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Jupiter Inlet North Jetty ratings
Quality on a good day: 2.0
Consistency of Surf: 2.0
Difficulty Level: 4.0
Crowds: 4.0

Overall: 2.8

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Jupiter Inlet North Jetty Swell Statistics, September: All Swell – Any Wind

The figure describes the range of swells directed at Jupiter Inlet North Jetty over a normal September. It is based on 2880 NWW3 model predictions since 2006 (values every 3 hours). The wave model does not forecast surf and wind right at the shore so we have chosen the optimum grid node based on what we know about Jupiter Inlet North Jetty. In this particular case the best grid node is 9 km away (6 miles).

The rose diagram illustrates the distribution of swell directions and swell sizes, while the graph at the bottom shows the same thing but lacks direction information. Five colours represent increasing wave sizes. Very small swells of less than 0.5m (1.5 feet) high are shown in blue. These were forecast only 89% of the time. Green and yellow show increasing swell sizes and red represents the highest swells, greater than >3m (>10ft). In both graphs, the area of any colour is proportional to how often that size swell happens.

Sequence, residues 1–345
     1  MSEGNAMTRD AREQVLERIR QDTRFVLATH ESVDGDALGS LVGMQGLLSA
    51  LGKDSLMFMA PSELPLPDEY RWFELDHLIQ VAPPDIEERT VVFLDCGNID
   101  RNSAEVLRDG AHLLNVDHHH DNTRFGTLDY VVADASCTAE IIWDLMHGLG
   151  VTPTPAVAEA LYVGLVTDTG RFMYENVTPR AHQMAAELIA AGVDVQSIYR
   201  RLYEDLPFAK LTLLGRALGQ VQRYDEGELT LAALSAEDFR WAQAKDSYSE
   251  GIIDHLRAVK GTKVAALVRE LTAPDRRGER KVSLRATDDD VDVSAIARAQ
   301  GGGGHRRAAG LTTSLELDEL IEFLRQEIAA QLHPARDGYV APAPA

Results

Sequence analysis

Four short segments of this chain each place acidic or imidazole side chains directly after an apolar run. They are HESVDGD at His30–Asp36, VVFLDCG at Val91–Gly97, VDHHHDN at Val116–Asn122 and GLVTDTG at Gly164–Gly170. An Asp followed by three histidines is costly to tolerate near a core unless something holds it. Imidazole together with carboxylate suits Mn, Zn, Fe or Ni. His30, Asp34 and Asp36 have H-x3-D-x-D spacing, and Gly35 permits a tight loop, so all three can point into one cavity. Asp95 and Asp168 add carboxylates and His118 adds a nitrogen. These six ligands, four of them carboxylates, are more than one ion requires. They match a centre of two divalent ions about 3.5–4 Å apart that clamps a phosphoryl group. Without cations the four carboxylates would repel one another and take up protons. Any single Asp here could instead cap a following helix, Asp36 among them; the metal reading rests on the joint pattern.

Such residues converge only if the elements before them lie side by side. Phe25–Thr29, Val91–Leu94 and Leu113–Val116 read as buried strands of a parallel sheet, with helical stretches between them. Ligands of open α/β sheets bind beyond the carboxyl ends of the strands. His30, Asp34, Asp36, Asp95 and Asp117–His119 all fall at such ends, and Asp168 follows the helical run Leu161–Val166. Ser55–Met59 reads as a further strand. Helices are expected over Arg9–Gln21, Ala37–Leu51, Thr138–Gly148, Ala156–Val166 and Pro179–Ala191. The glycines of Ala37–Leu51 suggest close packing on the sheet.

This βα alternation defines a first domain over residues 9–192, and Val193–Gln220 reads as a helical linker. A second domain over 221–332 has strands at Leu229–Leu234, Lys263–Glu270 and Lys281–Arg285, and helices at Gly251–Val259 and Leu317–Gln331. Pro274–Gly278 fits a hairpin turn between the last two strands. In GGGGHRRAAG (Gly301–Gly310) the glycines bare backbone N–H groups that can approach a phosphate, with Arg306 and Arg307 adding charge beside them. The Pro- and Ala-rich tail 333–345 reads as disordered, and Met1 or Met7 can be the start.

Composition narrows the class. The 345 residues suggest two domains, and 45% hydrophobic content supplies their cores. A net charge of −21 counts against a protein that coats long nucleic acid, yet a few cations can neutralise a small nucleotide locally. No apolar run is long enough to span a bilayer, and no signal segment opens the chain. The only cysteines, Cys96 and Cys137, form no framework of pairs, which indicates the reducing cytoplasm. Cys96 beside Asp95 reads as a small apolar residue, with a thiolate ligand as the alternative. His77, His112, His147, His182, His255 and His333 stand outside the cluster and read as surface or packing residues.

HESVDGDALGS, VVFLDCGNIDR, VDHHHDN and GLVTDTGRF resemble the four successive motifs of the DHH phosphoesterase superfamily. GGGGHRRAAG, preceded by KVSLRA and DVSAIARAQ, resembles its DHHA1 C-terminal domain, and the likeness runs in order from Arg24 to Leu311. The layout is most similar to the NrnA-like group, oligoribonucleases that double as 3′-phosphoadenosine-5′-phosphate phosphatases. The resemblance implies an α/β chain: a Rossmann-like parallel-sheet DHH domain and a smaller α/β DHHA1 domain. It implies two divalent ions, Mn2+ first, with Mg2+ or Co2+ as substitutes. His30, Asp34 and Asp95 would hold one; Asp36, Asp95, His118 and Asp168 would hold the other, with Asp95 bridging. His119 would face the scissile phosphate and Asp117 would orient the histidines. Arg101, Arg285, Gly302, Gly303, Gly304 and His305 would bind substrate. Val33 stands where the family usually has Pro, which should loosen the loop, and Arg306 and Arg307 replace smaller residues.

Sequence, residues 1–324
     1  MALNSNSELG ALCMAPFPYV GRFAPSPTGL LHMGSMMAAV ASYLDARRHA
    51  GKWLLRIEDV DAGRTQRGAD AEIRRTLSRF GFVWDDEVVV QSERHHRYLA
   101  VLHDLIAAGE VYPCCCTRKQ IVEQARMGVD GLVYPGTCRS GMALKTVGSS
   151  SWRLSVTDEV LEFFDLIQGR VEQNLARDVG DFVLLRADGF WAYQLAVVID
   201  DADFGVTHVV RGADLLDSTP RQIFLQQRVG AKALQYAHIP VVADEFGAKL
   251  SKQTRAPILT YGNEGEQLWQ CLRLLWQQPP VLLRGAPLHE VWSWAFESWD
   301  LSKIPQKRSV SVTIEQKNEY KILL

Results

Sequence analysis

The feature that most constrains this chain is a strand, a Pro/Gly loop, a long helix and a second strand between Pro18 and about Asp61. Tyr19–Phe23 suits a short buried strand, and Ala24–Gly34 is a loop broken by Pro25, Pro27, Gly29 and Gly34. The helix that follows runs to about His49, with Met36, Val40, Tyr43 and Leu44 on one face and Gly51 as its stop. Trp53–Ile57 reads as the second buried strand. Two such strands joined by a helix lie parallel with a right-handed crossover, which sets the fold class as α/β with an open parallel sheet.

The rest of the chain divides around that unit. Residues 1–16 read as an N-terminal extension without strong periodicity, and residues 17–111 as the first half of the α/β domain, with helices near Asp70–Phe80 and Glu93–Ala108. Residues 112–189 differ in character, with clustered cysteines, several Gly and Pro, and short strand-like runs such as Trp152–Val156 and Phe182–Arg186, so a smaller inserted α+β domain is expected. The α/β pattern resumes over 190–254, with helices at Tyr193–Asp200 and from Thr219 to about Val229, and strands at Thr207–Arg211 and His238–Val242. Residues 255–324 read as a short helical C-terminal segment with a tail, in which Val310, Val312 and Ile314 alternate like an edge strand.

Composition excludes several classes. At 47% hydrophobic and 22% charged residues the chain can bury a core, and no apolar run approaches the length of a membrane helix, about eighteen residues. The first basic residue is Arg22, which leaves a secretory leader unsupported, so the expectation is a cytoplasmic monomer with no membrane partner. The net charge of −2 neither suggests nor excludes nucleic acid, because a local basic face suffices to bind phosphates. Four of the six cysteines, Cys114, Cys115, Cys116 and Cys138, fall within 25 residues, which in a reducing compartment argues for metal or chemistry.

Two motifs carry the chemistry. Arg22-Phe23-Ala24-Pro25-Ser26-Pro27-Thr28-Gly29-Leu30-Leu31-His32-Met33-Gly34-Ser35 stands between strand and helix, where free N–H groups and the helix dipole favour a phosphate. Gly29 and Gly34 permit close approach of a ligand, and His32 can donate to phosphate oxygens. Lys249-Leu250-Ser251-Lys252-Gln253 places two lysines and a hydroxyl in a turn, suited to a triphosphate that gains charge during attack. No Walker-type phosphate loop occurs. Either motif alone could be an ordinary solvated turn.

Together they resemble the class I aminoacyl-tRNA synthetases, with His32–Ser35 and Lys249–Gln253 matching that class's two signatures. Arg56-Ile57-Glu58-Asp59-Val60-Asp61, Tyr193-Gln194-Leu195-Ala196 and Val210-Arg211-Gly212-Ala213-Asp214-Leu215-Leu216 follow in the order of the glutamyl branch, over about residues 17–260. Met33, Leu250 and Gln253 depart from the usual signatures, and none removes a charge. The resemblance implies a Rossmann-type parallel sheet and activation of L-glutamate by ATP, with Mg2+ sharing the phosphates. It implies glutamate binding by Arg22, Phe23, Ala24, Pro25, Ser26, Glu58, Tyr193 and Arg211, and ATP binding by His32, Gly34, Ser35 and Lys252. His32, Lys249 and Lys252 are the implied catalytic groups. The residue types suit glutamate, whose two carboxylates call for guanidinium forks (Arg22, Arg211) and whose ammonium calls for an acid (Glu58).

The diagram indicates that the prevailing swell direction, shown by the longest spokes, was ESE (which was the same as the dominant wind direction). Because the wave model grid is out to sea, sometimes a strong offshore wind blows largest waves away from Jupiter Inlet North Jetty and offshore. We combine these with the no surf category of the bar chart. To avoid confusion we don't show these in the rose graph. Because wind determines whether or not waves are clean enough to surf at Jupiter Inlet North Jetty, you can view an alternative image that shows only the swells that were predicted to coincide with glassy or offshore wind conditions. During a typical September, swells large enough to cause surfable waves at Jupiter Inlet North Jetty run for about 1.0% of the time.

IMPORTANT: Beta version feature! Swell heights are open water values from NWW3. There is no attempt to model near-shore effects. Coastal wave heights will generally be less, especially if the break does not have unobstructed exposure to the open ocean.